Drought in Cape Town

Drought in Western Cape Continues

Two and a half years ago the Western Cape Province had the worst water shortage in 113 years. As we enter the winter of 2020 farmers hopes are high that the Western Cape rainfall are close to the yearly average of 464 mm, but it is too soon to tell. If the drought in the Western Cape continues farmers will feel the financial pressure and so will the rest of South Africa.

The last decent rainfall was in 2014 with a yearly total of 600 mm followed by 2015 witch only had an average of 390 mm and 2016 and 2017 dropping to a mere 150 mm. 2018 saw some light with a rainfall of 502 mm and a better rain season in 2019 just under 700 mm. Although 2019 had good rain throughout the year , it was mainly showers in short periods of time, not giving the soil enough time to suck it all in and saturate the underground water veins.

Impact of Drought in Western Cape

We cannot fully understand drought without also understanding its impacts, which can affect all parts of our environment and our communities. Understanding drought conditions, societal vulnerability, and their related effects on one another provide us with historical lessons that can aid in dealing with future drought conditions.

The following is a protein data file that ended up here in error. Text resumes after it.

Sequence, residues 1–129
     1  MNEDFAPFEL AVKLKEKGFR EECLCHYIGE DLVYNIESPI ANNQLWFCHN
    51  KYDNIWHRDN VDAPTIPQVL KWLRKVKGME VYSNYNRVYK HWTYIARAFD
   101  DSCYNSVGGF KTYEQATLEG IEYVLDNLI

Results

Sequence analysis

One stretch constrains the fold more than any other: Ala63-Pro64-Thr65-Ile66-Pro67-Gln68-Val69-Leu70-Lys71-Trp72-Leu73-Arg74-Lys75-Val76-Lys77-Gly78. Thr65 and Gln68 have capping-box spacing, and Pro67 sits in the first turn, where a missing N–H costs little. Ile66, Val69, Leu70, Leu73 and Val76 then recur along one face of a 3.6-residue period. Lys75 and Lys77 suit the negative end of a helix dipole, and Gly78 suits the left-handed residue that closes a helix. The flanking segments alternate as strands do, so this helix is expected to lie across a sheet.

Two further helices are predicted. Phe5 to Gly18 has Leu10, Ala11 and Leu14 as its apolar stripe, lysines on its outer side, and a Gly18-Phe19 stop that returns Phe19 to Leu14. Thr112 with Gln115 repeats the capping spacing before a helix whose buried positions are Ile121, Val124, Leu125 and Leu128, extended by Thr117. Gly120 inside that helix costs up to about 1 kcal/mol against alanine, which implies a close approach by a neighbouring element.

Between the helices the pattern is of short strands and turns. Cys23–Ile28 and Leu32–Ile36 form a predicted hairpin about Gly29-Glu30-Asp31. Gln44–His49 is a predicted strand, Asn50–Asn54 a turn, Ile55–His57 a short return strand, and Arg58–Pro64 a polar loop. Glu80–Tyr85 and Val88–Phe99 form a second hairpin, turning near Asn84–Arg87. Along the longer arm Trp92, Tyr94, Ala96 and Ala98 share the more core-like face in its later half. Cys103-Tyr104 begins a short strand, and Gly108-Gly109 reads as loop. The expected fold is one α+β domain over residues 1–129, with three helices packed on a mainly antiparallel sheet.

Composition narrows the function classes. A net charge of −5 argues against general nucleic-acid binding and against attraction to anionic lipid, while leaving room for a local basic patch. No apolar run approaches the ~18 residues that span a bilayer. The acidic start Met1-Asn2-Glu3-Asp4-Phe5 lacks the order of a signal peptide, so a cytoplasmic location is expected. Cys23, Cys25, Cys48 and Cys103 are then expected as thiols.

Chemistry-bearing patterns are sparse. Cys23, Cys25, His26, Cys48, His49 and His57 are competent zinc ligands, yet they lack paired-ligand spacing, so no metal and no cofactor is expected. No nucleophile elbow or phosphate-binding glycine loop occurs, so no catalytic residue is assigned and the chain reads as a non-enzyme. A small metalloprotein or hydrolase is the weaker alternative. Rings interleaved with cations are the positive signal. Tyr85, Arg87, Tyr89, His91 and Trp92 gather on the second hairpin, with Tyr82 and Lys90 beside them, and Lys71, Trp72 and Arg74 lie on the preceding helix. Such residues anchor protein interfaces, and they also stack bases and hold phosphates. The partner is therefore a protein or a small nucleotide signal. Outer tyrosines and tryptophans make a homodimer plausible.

Droughts can also impact peoples health and safety: Drought can lead to depression about economic losses, conflict in the case that there is not enough water, could create unemployment, higher incidents of heat stroke, cause fires and even loss of human life.

Droughts affects the livelihoods of millions of people in Western Cape and South Africa. This reflect on crop and livestock production driving up prices of meat and shelf products. Drought conditions frequently require government intervention if the form of food relief, often supported by large
amounts of donated food aid.

Everyday products you buy on the shelf are 88% of farming and agriculture produce so one can only imagine the impact a drought can have on a country.

How mismanagement is making the 2019 drought in Africa worse ...

What can I do to help in a Drought?

South Africans still need to be responsible and comply with water restrictions even if, in some areas restrictions are lifted. Always consider your water usage and keep usage to a minimum.

  • Close the tap while brushing your teeth
  • Shower rather than bath and keep it short
  • If you really need to water your garden do it early in the morning
  • Use recycled kitchen and bath water to water plants.
  • Wash your vehicle from a bucket
  • Report water leaks in your area

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